The Time Capsule - Part 1
I start from the Aftermath because the main event was too sudden to even register with most of us. I also have not fully recovered from the shock yet, since barely a week has passed since I woke up. Writing about the 7 - 8 weeks of the so called ‘Naturecaust’ event itself is still quite traumatic. I write this account in order to place it in a time capsule meant to be opened 100 years later, whether I survive in this much sparser and more hostile new world or not.
It is an account of how I and some other survivors from Japan reacted when we first woke up and how we tried to survive afterwards. I decided to write it in English because I am not sure who the eventual recipients of my time capsule are going to be, and I also wanted it to be readable by as many people as possible.
My name is Asahi Kaito, and I am 24 years old. I was born in the city of Karatsu, in Saga Prefecture, but I was living as a student in Ikebukuro and Mejirodai, Tokyo when the event happened, working and studying for my PhD. Quite ironically I am an evolutionary biologist and my PhD thesis was titled “The role of human activity stressors on the evolution of flora and how their genome might mutate to cope in response”.
There were only about 2 months left before I was to submit my nearly complete PhD thesis when nature apparently decided it had enough with our species, putting into action one of the worst case scenarios I speculated about in my PhD thesis -meant to take place over centuries or even thousands of years, not within a few weeks- and having me now feel like the Trojan Princess Cassandra.
The human population of Japan was ~123 million at the tail end of 2024. While there are no hard data at the moment it is estimated that the current population of survivors in Japan is between 12 and 12.5 million people. The same appears to apply globally, so from ~8.15 billion people at the end of of 2024 it can be estimated that the global population is now between 800 and 830 million people.
In other words there was a global culling of ~90%. The toxic pollen affected both sexes equally, however it disproportionally affected people above 30 years of age. With each added decade there were fewer survivors; somehow roughly half the children were spared, 1 out of 4 of those between 18 and 30 survived, 1 out of 8 of those in the next decade etc Above 60 years old only about 1 in 65 survived, above 70 years old just 1 in ~130, and seniors above 80 are now a very rare bunch.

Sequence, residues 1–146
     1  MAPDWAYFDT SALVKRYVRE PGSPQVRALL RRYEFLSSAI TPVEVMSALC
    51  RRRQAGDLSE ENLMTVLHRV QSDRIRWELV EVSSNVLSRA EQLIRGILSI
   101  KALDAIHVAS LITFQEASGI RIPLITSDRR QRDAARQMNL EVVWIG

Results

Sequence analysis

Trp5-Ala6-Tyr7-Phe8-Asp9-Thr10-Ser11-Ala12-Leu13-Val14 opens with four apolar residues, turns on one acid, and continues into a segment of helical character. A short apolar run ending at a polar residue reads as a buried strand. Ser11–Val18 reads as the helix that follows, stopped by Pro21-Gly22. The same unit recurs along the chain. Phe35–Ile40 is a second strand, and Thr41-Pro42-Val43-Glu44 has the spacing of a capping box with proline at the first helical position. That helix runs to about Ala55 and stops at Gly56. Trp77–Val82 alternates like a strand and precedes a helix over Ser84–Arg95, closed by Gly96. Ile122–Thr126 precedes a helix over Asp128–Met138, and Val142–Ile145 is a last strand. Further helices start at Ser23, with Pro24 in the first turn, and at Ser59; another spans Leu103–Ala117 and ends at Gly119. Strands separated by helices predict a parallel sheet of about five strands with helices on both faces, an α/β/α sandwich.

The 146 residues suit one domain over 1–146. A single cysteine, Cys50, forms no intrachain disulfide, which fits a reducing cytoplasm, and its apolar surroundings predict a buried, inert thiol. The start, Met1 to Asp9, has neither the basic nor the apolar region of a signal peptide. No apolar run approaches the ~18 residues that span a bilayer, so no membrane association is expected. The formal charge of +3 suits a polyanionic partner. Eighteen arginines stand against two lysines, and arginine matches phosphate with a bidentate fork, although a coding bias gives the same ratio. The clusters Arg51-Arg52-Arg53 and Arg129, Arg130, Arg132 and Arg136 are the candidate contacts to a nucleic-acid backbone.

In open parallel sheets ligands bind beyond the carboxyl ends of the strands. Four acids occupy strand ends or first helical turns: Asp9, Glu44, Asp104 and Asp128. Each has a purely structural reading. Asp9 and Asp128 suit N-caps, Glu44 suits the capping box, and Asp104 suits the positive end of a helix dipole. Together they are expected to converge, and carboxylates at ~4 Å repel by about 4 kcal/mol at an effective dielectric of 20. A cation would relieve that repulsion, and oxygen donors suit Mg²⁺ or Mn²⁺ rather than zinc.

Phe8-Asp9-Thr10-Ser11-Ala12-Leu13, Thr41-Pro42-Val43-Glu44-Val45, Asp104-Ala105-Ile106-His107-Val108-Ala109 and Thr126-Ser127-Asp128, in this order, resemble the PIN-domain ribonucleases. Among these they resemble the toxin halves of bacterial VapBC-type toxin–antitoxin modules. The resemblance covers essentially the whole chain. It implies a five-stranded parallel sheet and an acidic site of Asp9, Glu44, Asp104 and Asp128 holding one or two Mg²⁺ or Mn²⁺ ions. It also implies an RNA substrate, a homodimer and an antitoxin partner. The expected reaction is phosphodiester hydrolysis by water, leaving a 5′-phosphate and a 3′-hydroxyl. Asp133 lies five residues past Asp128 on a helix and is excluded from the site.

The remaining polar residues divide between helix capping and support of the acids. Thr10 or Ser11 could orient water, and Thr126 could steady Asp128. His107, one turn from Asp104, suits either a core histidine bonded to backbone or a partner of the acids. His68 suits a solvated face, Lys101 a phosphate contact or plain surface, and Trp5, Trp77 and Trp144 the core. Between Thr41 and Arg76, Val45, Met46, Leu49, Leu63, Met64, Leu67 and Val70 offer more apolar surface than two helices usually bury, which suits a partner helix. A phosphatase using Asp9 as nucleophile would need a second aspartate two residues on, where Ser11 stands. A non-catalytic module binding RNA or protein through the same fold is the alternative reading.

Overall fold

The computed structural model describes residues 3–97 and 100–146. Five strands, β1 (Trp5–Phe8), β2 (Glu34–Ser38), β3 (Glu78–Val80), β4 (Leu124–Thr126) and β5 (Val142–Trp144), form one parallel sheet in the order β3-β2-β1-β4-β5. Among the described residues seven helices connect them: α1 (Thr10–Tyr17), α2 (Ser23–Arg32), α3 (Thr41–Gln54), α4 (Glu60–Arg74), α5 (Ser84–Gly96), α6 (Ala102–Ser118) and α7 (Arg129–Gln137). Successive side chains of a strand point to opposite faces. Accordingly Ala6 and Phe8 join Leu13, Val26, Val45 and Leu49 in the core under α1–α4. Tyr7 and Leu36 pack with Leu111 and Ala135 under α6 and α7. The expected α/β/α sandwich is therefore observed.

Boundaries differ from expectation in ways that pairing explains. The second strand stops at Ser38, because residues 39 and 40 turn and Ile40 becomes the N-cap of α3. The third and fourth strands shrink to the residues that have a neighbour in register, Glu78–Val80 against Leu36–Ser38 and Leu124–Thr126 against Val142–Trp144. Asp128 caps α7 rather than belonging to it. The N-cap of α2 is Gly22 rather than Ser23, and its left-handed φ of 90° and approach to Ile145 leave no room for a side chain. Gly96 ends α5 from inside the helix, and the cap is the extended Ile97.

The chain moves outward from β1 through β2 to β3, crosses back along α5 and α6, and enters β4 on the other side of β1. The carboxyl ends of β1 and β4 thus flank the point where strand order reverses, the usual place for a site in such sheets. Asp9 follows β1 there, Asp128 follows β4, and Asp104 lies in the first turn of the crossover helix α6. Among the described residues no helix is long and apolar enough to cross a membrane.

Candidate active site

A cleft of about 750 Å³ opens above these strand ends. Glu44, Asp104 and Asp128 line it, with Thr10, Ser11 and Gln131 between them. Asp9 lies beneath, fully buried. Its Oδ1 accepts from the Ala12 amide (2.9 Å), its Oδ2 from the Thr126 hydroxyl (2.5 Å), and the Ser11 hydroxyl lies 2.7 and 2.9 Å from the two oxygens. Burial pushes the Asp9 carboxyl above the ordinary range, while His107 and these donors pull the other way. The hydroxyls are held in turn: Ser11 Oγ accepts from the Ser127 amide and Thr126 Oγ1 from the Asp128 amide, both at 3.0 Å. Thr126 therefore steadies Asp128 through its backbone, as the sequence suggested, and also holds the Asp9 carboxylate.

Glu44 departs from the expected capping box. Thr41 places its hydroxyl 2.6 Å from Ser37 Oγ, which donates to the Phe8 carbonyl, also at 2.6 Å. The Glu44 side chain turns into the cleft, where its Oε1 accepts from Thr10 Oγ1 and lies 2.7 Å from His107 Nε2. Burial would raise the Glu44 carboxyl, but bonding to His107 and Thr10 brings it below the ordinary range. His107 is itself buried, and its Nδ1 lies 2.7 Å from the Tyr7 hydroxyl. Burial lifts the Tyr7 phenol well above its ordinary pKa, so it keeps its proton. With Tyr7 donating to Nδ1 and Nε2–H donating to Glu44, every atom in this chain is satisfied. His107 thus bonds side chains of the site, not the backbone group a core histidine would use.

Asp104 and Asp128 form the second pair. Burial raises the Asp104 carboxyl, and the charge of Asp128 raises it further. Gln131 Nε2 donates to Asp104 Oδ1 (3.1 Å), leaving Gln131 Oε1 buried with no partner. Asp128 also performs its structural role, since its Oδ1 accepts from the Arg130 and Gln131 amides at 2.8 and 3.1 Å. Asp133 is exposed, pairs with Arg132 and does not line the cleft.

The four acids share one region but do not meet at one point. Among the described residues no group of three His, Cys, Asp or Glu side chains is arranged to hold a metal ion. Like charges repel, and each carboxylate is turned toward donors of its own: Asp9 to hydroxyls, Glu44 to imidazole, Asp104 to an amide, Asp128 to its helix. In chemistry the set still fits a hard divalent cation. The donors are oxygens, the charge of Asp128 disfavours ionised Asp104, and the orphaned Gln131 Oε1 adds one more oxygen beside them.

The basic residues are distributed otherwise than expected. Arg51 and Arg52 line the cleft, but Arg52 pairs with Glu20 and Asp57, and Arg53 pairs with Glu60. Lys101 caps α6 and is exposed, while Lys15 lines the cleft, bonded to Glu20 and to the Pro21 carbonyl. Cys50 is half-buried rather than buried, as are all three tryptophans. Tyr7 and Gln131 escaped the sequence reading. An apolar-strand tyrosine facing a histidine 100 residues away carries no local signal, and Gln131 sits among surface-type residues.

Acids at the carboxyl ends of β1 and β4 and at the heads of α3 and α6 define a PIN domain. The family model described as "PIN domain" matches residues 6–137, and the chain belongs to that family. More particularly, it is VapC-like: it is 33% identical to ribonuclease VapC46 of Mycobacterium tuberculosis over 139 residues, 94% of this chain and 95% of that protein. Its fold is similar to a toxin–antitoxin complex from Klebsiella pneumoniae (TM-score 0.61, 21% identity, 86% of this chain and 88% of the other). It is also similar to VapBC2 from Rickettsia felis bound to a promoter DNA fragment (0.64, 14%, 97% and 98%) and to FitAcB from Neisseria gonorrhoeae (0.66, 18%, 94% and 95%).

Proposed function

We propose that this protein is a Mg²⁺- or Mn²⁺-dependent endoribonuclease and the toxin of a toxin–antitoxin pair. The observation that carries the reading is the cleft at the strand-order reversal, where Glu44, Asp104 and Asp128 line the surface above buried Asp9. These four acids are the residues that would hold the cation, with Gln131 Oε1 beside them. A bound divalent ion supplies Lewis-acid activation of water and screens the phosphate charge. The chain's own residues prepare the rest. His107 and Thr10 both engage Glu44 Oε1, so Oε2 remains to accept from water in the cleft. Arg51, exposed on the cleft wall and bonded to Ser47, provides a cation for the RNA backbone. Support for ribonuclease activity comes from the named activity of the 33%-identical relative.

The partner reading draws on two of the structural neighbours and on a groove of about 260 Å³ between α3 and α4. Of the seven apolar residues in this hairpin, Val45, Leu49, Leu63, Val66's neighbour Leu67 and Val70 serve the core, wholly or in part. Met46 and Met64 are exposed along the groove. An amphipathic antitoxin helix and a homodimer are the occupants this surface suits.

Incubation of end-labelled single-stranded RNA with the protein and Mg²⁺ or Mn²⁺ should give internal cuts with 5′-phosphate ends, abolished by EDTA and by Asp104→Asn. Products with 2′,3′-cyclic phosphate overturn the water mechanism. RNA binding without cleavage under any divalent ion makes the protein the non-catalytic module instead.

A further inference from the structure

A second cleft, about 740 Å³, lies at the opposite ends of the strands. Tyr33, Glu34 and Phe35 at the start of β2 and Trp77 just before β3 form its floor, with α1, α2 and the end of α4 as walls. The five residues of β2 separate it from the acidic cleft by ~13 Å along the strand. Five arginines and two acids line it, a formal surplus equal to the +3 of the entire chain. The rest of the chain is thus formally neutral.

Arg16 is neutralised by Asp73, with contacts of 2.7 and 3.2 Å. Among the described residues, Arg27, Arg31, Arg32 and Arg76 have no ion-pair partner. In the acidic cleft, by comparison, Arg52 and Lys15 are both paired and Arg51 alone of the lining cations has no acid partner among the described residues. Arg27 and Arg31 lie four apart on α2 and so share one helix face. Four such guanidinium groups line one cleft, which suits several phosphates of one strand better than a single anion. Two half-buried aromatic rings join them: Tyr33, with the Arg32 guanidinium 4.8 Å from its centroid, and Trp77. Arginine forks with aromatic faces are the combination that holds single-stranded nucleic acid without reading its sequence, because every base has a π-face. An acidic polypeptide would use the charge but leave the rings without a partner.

This had the additional effect of drastically reducing the average age of the population -particularly in Japan, since it was quite high- but also introduced the problem of a lot of orphaned children. It almost looks like the pollen was designed with very clear and specific goals “in mind” by some intelligent entity. What might that entity be I have no idea. Could it be the so called ‘Gaia’, i.e. the super-organism of Earth's biosphere? How did the plants co-ordinate globally, even between continents, to start mutating in unison in order to generate the pollen?
Since I never finished my PhD, and the University of Tokyo no longer exists for me to do so, a part of this piece might include conjectured suggestions to the above questions. Who knows, later on I might even discover some actual evidence and hard data. Whatever I find out though, the fact remains that the dead will remain dead, and we survivors should survive by not repeating the past's mistakes. I hope those of you who read this in the future will have already managed to find the right balance between prosperity and respect of nature. Otherwise you already know what might happen..
I should end my little intro right about here. The main story, where I introduce the rest of my team, follows next. We gradually found each other and somehow stuck together for our common good and survival. I am the team leader by the way. Not that this matters, of course; if some more capable man or woman shows up who can hold us together better and command us more effectively I will happily surrender my command post. I wonder what the future holds for us, with a lot of cautious optimism in my heart.